Drive to a run-down stretch of downtown L.A. ditch your car in a subterranean parking garage. Duck through the service entrance of a decrepit building. Slip past the yellow caution tape. Descend several steel stairwells. Traverse dark, narrow corridors past people wearing surgical masks and carrying flashlights. Squish through mud. Stumble over rocks. Arrive at a huge cement tunnel. Choke on the clouds of dust and the palpable dank rot tainting the air.
Congratulations. You’re in hell.
”I love it down here,” says Jennifer Garner, cheerfully greeting you in her blue coveralls, work boots, and gloves. ”You have to kind of embrace it or you’re screwed.”
On a mid-February afternoon in this godforsaken hole that’s serving as a bowels-of-Rome set for ABC’s new spy series, Alias, the lights, camera, and black-powder explosives are being readied for action. After indulging in some between-takes dancing and pretend scrapping, Garner (as gifted double agent Sydney Bristow) and Michael Vartan (as her loyal CIA handler Michael Vaughn) rehearse a scene in which they’re dressed as maintenance workers and are rapidly assembling an ominous demolition cannon. Care to share the details of this special op, Jennifer? ”I push the code numbers to turn it on and I set it and run away. Then, boom!”
Boom! as in mission accomplished?
”Well,” she continues, gathering more breath, ”then we infiltrate the Vatican, we don’t get the alarm off in time, so we’re hunted by guards and I have to beat somebody up. I’m going to kick him behind the knee, kick his gun, and I think we’ll finish him off with a nice elbow. After he’s down, we’ve got to find a numbered box and look through it. We don’t know exactly what we’re looking for, but we have enough clues to figure out what the important thing in the box is. And then we photograph it and we escape.” She grins matter-of-factly. ”That’s today.”
Of course it is. Part frenetic espionage adventure, part precious twentysomething drama, Alias has emerged as the thrill ride of the 2001-02 TV season, a spy-fi roller coaster of killer gadgets, double roundkicks, triple crosses, poignant confessionals, cliff-hangers, sliced-off fingers, conspiracies, outrageous outfits, exotic locales, flirtations, mythologies — and that’s just before the first commercial break. Enduring twist after turn after bump, viewers are whipped through a fun house of seemingly disjointed plot points that add up to intriguingly greater sums while provoking early-X-Files-level guessing games, passionate Internet message-board discussions, and morning-after watercooler summits. Turn away from the TV a moment too long, and you’ll be playing catch-up until The Practice comes on; don’t miss a single frame and you’re still likely to be scratching your head.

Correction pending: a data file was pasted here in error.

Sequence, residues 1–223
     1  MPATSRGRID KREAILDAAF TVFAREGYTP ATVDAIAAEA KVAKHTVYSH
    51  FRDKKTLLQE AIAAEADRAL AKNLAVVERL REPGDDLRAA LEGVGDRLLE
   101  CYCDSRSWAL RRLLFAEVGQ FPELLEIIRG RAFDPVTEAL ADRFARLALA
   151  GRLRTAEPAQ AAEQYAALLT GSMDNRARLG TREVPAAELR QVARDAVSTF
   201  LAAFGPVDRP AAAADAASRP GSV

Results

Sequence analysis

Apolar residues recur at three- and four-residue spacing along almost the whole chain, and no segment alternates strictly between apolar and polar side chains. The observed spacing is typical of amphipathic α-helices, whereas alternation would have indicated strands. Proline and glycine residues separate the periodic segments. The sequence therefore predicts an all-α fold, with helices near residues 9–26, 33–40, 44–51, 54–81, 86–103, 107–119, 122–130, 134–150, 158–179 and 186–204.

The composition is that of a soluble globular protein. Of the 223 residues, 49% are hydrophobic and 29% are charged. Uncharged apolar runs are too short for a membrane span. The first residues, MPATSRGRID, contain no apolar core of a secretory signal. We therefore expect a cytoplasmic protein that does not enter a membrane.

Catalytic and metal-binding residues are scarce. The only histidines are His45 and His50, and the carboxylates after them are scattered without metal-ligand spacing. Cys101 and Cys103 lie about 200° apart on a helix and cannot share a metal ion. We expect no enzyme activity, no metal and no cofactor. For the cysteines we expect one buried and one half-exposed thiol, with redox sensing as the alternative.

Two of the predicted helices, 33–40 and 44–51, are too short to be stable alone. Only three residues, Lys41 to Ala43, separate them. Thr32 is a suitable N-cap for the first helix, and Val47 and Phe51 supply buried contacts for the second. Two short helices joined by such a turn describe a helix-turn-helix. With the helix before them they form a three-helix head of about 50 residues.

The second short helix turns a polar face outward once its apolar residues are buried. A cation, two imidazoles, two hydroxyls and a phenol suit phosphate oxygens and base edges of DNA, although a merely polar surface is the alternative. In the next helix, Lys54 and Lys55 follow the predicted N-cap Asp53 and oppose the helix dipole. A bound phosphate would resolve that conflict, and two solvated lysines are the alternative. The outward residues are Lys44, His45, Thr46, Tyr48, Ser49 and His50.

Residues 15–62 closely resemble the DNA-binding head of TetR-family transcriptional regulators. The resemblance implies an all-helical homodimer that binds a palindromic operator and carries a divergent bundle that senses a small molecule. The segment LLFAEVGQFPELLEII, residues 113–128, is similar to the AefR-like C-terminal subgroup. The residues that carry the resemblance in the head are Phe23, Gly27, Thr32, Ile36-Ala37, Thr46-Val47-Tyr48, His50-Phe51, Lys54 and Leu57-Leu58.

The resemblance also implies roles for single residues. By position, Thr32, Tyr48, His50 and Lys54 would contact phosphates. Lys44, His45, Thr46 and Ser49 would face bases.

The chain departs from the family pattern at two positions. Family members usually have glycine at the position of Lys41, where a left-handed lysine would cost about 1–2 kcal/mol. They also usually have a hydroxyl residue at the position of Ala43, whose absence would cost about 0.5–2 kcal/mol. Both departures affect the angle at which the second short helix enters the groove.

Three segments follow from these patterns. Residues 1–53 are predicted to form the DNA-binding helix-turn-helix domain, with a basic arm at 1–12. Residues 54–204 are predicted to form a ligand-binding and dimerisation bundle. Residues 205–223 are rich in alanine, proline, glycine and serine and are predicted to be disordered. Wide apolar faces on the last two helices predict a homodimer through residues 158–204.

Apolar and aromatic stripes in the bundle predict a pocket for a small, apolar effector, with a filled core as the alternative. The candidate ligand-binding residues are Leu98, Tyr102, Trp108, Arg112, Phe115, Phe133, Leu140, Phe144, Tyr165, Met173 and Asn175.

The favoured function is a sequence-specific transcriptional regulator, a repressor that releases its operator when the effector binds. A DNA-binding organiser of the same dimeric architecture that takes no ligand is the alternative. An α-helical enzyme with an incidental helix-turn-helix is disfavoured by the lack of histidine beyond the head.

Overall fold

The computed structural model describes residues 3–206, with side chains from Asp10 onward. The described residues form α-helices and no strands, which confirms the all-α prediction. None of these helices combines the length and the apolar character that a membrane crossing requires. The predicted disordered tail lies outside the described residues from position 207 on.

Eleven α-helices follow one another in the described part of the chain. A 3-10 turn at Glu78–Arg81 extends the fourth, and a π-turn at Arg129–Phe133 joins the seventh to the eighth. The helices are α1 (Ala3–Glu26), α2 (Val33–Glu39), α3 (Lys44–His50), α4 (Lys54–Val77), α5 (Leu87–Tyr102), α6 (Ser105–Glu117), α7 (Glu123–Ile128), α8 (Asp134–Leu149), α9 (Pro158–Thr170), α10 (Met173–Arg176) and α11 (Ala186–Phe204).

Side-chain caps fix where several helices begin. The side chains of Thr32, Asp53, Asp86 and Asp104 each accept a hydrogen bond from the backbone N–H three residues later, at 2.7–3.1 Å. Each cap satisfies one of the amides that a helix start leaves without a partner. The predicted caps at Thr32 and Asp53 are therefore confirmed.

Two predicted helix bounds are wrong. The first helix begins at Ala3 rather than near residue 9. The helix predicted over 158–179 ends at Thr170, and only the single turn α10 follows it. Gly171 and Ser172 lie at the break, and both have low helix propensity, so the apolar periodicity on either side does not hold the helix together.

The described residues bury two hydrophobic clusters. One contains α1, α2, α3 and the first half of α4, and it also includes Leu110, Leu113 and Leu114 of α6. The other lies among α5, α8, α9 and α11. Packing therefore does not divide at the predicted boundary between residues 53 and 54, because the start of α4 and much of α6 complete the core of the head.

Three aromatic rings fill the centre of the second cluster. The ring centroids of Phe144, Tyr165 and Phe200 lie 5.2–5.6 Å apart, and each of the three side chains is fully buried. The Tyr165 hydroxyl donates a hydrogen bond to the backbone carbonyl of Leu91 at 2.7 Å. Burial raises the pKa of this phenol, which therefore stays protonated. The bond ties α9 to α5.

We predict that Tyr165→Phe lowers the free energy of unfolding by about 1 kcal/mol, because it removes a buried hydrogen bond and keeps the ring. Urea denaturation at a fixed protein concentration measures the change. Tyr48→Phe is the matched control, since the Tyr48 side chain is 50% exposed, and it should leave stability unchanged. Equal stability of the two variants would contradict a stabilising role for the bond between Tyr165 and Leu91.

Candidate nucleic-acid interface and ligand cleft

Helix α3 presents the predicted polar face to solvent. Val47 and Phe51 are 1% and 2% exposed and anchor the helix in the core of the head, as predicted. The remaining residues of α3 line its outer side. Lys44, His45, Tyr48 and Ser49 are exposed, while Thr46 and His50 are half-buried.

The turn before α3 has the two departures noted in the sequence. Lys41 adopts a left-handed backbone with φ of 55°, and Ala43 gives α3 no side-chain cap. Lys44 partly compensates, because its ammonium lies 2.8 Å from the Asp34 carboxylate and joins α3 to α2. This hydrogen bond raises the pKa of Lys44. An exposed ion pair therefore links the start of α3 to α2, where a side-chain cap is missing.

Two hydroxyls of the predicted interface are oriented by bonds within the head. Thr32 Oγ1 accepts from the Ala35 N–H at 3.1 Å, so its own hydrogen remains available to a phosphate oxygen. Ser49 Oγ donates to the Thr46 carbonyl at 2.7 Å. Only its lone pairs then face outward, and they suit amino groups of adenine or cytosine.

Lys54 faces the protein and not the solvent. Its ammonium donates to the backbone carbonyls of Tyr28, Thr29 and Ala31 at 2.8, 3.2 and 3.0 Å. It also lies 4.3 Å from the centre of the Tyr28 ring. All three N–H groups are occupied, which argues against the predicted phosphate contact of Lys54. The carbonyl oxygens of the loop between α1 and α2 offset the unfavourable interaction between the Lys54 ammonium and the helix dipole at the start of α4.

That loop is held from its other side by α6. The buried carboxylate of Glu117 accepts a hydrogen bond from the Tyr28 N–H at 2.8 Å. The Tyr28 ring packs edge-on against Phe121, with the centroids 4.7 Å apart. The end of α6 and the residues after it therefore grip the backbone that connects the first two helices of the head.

For those needing a briefing on the show’s premise: Sydney is a grad student who tells her friends — journalist Will (Bradley Cooper) and roomie Francie (Merrin Dungey) — that she works as a part-time banker, but, in actuality, she’s a spook for SD-6, a covert CIA branch, run by the creepy Arvin Sloane (Ron Rifkin). Then she finds out that not only is SD-6 working against the CIA, but it also had her fiance whacked after she revealed her occupation to him. Seeking retribution, Sydney becomes a mole for the CIA, in hopes of taking down SD-6. She’s aided by two people: her forbidden-crush object, Vaughn, and her cold-as-dry-ice father, Jack (Victor Garber), who is also an SD-6 agent working undercover for Langley. Her mom, meanwhile, was apparently a lit professor/KGB agent who killed Vaughn’s father and is believed to be dead. (Rule No. 1 in the Alias universe: Always use ass-covering words like apparently and believed to be when discussing the show’s protean details.) Oh, here’s one more fact for your manila folder: Everyone and their mother is running around the globe frantically trying to collect and decode the fragmented works of Milo Rambaldi, an enigmatic 15th-century architect who laid blueprints for some device, which — if we’re not mistaken — is either some sort of time machine, a weapon of mass destruction, or a revolutionary hair-grooming apparatus that would shame the Flowbee.